With all the foreclosures in our area we are seeing more green pools, which results in more mosquitoes. It just takes one bite from one infected mosquito to pass on heartworm to your dog.
Canine heartworm disease develops when a dog is bitten by a mosquito carrying microscopic heartworm larvae (juvenile worms) of a parasite called Dirofilaria immitis. As a mosquito feeds, these microscopic larvae are deposited on the dog and quickly penetrate the skin to begin their migration into the dog''s bloodstream. Adult heartworms can grow 10 to 12 inches in length and make their home in the right side of the heart and pulmonary (lung) arteries, often causing lung disease and heart failure.
Heartworm preventatives are effective when given properly and on a timely schedule. All approved heartworm preventatives are highly effective, safe, easy to use, relatively inexpensive, and often provide treatment for additional parasites. Prevention is always more safe and affordable then treating dogs with adult heartworm disease. It is important to test your dog for heartworm before starting preventative.
Please call us to schedule an appointment to check your dog for heartworms and get them started on heartworm preventative.
Motion sickness is a stressful condition that affects 1 out of every 6 dogs. It can prevent your whole family from taking a trip together, causing you to miss out on a great bonding experience. If you do leave your dog behind, it can be difficult to find someone you trust to care for him or her.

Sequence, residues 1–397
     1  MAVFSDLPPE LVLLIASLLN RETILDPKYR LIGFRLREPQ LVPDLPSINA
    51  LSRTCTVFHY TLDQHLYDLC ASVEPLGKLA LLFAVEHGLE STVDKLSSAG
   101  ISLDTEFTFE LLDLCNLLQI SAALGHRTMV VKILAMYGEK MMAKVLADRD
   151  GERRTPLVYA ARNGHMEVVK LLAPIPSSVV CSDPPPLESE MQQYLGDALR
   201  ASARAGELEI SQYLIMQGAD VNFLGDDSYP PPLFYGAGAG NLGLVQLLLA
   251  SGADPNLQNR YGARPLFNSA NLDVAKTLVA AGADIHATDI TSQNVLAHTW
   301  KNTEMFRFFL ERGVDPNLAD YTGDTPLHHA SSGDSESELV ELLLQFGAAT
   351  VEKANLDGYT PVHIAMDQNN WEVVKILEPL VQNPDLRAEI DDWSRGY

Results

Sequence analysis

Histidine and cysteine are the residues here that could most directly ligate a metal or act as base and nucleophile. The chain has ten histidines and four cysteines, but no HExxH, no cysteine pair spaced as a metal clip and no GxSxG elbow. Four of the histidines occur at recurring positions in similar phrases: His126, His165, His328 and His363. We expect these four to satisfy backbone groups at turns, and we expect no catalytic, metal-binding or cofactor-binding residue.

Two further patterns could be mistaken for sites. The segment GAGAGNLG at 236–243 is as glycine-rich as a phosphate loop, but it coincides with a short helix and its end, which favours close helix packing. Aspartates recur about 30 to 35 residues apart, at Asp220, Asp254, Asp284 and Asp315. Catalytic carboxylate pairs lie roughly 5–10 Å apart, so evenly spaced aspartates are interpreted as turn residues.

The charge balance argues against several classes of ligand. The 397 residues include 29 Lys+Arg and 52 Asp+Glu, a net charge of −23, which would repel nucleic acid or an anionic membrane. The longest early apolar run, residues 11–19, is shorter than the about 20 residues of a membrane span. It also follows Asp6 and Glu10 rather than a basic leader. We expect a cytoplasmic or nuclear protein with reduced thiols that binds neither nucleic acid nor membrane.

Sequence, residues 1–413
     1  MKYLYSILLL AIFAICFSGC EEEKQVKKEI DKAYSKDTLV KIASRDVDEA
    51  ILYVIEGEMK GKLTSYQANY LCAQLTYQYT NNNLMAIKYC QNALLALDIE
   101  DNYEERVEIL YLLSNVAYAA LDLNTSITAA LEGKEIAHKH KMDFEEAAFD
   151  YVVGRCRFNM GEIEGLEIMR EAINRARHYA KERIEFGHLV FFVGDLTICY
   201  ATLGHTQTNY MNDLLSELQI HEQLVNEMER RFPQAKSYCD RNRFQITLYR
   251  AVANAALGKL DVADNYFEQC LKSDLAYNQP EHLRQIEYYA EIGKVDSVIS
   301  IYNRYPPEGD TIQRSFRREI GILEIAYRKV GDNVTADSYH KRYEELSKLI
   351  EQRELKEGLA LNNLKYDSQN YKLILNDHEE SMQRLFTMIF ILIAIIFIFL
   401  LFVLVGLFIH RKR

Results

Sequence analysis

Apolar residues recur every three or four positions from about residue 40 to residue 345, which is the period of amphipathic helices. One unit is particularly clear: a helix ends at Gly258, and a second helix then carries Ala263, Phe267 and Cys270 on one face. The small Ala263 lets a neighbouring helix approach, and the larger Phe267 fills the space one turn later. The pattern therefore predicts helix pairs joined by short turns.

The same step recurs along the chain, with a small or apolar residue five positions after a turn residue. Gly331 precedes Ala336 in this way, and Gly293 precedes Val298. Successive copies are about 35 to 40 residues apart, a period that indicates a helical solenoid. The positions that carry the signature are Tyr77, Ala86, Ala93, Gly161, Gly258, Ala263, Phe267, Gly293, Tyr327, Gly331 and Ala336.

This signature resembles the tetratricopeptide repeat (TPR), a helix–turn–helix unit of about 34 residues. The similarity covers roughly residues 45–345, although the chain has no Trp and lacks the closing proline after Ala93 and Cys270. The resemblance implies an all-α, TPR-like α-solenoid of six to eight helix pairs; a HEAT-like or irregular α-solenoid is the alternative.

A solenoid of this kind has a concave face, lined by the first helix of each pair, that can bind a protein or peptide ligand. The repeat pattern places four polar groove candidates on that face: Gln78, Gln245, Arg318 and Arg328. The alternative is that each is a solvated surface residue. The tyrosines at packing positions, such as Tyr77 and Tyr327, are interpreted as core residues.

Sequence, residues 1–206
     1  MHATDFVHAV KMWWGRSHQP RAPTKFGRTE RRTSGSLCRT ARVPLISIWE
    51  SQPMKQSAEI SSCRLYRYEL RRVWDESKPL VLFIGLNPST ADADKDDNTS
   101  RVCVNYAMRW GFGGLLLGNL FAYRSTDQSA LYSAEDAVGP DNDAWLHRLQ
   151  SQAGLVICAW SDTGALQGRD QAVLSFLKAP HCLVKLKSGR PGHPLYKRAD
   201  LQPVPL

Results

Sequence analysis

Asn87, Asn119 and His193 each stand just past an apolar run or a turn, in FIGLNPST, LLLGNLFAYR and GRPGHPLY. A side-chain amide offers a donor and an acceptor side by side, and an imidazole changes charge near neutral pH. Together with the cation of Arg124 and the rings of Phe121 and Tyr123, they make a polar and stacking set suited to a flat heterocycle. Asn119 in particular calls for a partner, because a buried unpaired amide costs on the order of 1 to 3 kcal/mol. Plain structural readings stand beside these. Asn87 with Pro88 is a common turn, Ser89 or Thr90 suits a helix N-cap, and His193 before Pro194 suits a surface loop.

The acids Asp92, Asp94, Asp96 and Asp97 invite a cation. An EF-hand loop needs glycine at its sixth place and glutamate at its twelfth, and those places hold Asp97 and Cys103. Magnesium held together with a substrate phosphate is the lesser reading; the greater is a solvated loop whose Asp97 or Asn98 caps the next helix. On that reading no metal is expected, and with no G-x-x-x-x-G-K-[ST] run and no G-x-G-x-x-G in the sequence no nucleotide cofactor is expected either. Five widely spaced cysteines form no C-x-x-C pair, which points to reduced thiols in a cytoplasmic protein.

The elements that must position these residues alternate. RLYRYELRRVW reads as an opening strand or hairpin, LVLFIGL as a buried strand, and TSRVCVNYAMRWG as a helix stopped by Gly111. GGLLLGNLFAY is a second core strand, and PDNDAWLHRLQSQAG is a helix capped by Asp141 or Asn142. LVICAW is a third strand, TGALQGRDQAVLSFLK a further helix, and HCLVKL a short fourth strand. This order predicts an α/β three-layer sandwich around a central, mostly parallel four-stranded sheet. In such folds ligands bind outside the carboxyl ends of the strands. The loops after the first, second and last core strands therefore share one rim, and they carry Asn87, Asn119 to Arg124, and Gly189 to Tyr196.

Now there is a new medication, "Cerenia". It is the first and only FDA-approved medication to prevent vomiting due to motion sickness in dogs. It is a non-drowsy medication, so even after a long car ride, your dog will be ready for fun! The best thing is Cereneia works! In a study of dogs suffering from motion sickness, Cerenia prevented vomiting in up to 93% of cases.
So, if you have a trip planned and want to take your dog, call us for more information.
Recently, Hill''s Pet Nutrition Inc. awarded first place honors to Gilbert Veterinary Hospital for the 2008 Pet Dental Health Contest. The grand prize was awarded to the hospital who uses innovative ideas to educate clients on the importance of dental health care for their pets, and who, as a team, strongly believe in the value of good oral health. So many parts of the body are affected by infection and disease in the mouth, and the Doctors and staff at Gilbert Veterinary Hospital strive to provide the best dental care to their patients. (For more on this story you can go to www.petdental.com)